A Manassas woman pleaded guilty to wire fraud, mail fraud and money laundering in connection with her fraudulent ‘mortgage elimination scheme’ that cost victims more than $10 million, according to a press release issued by U.S. Attorney's Office for the Eastern District of Virginia.
Linda Sadr, 51, of Manassas, Virginia was initially indicted on Nov. 23, 2010, by a federal grand jury on four counts of wire fraud, two counts of mail fraud and two counts of money laundering.
U.S. District Judge Liam O’Grady accepted the plea, according to the announcement made by U.S. Attorney Neil H. MacBride, and James W. McJunkin, assistant director in charge of the FBI Washington Field Office.
Sadr admitted that between 2004 and 2008 she marketed a fraudulent investment scheme called the “Mortgage Elimination Program” by which she claimed to challenge lenders on the homeowners’ behalf, alleging she would eliminate their mortgages. Sadr targeted homeowners by suggesting that lenders that refinanced loans were operating illegally by, ‘among other things, bundling the loans for resale and selling them to banks, which then used the loans as collateral to borrow additional funds,’ according to the release.
Sadr required her clients to refinance their mortgages with maximum cash-out refinance loans, taking a 10- to 15-percent cut of the cash-out loan as a fee for her services. In addition, Sadr‘s clients were required to submit 12 to 18 months of advance mortgage payments to be held in ‘escrow,’ which Sadr claimed she would use to pay off the refinanced mortgages.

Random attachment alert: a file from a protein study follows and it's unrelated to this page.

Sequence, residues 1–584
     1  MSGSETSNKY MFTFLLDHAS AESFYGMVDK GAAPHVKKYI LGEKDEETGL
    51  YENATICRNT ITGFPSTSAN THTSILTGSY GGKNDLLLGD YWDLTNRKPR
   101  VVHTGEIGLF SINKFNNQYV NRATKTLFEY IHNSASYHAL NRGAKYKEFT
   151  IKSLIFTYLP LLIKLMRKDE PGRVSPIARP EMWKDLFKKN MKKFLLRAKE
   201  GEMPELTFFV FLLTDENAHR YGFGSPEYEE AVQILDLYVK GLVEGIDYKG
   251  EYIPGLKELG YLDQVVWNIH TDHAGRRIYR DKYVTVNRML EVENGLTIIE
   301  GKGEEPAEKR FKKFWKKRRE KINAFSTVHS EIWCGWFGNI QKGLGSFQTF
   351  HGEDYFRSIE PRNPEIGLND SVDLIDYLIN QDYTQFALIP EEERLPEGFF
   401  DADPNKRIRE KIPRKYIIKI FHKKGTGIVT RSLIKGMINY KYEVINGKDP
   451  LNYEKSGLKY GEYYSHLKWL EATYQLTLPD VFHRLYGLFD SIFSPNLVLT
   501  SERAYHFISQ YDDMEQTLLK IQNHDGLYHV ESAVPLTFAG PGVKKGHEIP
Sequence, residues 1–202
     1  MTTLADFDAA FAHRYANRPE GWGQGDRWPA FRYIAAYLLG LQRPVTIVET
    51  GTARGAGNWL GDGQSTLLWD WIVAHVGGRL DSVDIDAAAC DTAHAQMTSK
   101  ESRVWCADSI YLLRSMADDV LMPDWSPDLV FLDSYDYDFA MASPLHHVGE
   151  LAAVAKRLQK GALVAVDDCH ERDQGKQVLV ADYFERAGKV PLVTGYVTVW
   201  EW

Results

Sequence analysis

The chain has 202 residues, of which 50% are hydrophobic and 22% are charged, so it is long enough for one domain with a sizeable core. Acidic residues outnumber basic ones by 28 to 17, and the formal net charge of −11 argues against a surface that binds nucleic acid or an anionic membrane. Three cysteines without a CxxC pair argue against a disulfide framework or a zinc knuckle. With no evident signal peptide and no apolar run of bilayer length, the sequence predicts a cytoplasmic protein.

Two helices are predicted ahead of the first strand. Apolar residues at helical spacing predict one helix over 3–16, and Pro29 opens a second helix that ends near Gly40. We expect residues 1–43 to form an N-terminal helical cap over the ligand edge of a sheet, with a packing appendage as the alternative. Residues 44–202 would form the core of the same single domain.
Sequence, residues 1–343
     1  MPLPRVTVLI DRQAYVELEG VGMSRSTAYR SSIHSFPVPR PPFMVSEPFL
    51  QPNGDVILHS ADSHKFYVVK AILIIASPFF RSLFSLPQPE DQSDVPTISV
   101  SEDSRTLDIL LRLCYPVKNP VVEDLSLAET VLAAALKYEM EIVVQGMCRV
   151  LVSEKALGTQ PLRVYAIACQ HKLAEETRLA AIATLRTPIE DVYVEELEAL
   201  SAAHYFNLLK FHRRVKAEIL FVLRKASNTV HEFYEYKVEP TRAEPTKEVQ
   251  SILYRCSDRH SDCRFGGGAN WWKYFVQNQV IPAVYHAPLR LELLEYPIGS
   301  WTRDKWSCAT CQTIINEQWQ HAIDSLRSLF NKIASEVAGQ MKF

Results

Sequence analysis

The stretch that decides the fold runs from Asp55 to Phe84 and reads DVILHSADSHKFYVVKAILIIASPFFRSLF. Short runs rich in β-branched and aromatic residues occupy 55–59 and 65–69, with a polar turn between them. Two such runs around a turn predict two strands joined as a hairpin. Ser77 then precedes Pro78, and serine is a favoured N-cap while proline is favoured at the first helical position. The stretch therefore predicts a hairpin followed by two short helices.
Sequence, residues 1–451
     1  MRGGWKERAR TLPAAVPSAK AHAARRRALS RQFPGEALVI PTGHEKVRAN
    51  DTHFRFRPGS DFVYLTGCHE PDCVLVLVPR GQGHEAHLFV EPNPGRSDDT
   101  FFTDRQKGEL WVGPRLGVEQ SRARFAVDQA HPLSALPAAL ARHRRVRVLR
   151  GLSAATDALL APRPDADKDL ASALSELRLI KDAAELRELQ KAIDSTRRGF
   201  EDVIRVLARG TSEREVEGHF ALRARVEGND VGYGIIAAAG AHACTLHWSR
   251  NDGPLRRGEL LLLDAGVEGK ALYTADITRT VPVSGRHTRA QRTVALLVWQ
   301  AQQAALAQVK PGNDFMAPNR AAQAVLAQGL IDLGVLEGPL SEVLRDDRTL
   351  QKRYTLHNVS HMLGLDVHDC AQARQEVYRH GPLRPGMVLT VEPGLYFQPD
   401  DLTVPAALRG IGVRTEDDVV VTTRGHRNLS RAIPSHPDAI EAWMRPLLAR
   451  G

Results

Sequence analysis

The defendant recruited new clientele by word of mouth from investors who believed their mortgages had been eliminated as a result of her work. In actuality, Sadr repaid the mortgages by the cash-outs of subsequent clients.
At the time of her indictment, homeowners lost more than $10 million in the scam. None of the more than 150 participants received refunds of the fees Sadr charged or reconveyances on their homes indicating the mortgages were paid in full.
The FBI Washington field office investigated this case. Assistant U.S. Attorneys Marla Tusk and Jack Hanly were the prosecutors.
Sadr faces a maximum penalty of 20 years in prison on each count of mail and wire fraud and 10 years in prison on each count of money laundering.
She will be sentenced on May 6.